The TIFF13 P&I Cellphone Controversy: My Two Cents

muppetsmoviephone During TIFF, a major controversy developed when Alex Billington, editor of the film blog, was annoyed at someone using their phone during a Press & Industry screening of Ti West’s The Sacrament and he ended up calling 911 to report what he perceived to be a case of piracy.  This issue became a major news story and Billington, despite admitting his mistake at calling 911, has remained firm with his belief that phone use during P&I screenings is a major problem for TIFF.  Yesterday, Billington posted a very lengthy editorial giving his side on the issue, where he states his belief that TIFF is the only festival that allows phone use during P&I screenings and he wants them to change their policy to ban them. So, what do I think about this?  I should probably start by saying that I have been an avid reader of FirstShowing for a number of years and me and Alex Billington follow each other on Twitter.  I greatly sympathize with his issues on cellphone use in movie theatres, which is definitely becoming a growing problem.  It seems to be a regular occurrence now that I am irately telling people to turn off their phones and often end up just having my complaint thrown back at me. That said, I do think Alex Billington is taking this issue too far.  It has been a full week since the incident happened and he is still talking about it.  Various folks have been trying to explain to Billington that the industry delegates are working and often need to use their phones to do business, however they seem to be falling on deaf ears.  I have been trying my best to remain relatively neutral on this issue, but Billington’s refusal to move on is starting to become a bit too much. In my opinion, this is a bit of a case of biting the hand that feeds you.  Since FirstShowing started around 2006, it has become a fairly well-established film blog, getting quite a bit of traffic.  As such, Billington is able to get media accreditation for TIFF.  TIFF is a notoriously difficult film festival to get accreditation for, especially if you are a film blogger.  Over the past year or so, I’ve been able to get accreditation for other Toronto-based film festivals, such as Toronto After Dark and Hot Docs.  Despite this, I didn’t even try to apply for accreditation to TIFF, since I know my blog isn’t established enough to get accepted.  For my coverage this year, and years previous, I relied solely on tickets to public screenings, which I expect to be the case for the years to come. If there is anything that Alex Billington’s actions have done, it is that they have further lowered the credibility of online film media and it will likely now be even MORE difficult for bloggers to get accreditation for TIFF.  The overall reluctance of TIFF to give accreditation to bloggers is a bit unfair, since many of us are just as good as the writers for major media outlets.  I for one worked very hard during the festival and spent every morning of the week writing reviews.  I don’t get paid a cent for writing these reviews, but I do so anyway because I love doing it.  If I did happen to get accredited for TIFF, I’m sure I would do a great job of it.  Just look at my coverage from this year’s Hot Docs, which is probably the second biggest film festival in the city and my most in-depth film festival coverage ever. What I’m getting at is that Alex Billington should be grateful that he can consider himself among the few bloggers that can get accredited for TIFF.  There is a time and place to complain about the problem of cellphone use in theatres and I think Billington is fighting a losing battle by criticizing the P&I policies of one of the biggest film festivals in the world.  I don’t have any opinion about whether or not TIFF should allow phones into P&I screenings, however this very public controversy is just becoming tiring.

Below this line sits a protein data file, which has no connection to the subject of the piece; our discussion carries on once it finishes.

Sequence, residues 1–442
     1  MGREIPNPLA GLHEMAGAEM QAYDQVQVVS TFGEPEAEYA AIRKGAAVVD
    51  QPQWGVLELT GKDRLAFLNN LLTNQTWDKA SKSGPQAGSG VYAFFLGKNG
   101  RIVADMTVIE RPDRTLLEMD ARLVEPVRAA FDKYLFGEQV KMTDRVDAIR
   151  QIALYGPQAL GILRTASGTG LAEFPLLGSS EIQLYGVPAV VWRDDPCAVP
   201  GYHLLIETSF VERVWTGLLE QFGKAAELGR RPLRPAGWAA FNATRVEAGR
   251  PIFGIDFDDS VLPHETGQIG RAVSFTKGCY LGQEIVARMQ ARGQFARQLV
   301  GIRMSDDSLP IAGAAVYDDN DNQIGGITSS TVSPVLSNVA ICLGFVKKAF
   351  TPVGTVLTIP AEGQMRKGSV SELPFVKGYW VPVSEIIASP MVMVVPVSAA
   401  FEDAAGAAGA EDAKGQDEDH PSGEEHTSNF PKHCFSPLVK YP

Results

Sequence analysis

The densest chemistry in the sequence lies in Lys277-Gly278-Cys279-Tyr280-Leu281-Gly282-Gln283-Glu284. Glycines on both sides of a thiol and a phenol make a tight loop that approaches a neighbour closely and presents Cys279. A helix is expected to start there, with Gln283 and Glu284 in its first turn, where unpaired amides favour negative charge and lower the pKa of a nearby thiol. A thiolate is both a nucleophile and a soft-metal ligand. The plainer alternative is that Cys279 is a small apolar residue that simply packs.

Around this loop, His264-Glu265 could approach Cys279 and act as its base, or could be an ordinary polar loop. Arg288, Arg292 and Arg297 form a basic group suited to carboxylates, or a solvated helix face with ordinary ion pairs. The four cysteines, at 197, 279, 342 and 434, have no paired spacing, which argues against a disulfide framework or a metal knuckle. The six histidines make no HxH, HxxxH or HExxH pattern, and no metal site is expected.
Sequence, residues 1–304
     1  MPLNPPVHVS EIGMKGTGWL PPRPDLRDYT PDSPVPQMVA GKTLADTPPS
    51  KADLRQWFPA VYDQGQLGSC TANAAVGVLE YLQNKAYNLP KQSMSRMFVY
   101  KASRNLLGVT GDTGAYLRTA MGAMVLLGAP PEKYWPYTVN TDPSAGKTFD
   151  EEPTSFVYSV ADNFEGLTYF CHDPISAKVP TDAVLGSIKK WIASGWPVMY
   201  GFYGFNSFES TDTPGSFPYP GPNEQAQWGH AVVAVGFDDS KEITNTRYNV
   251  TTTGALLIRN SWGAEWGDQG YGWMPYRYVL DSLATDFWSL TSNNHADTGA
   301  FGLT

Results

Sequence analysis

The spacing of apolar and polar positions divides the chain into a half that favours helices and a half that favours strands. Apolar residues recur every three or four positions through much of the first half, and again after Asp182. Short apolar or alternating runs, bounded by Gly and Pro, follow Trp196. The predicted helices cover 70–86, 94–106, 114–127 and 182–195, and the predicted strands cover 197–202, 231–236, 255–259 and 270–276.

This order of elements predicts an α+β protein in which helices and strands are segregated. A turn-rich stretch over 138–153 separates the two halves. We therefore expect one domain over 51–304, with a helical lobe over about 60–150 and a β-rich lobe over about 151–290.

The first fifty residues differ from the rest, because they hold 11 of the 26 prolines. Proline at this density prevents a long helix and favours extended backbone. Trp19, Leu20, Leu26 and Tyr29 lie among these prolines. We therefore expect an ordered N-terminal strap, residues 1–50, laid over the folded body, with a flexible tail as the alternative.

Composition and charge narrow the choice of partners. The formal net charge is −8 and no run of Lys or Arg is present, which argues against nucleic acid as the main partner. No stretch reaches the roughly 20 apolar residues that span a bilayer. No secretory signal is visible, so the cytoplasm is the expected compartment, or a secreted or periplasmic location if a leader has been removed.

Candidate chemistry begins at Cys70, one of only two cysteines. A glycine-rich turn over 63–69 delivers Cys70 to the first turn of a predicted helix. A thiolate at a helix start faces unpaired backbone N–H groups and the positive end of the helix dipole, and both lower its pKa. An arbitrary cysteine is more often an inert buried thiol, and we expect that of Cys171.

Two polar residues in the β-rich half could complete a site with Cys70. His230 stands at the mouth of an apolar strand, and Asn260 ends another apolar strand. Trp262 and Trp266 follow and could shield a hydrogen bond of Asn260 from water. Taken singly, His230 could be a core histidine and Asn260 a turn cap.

Sean Kelly Author

Sean Patrick Kelly is a self-described über-geek, who has been an avid film lover for all his life. He graduated from York University in 2010 with an honours B.A. in Cinema and Media Studies and he likes to believe he knows what he’s talking about when he writes about film (despite occasionally going on pointless rants).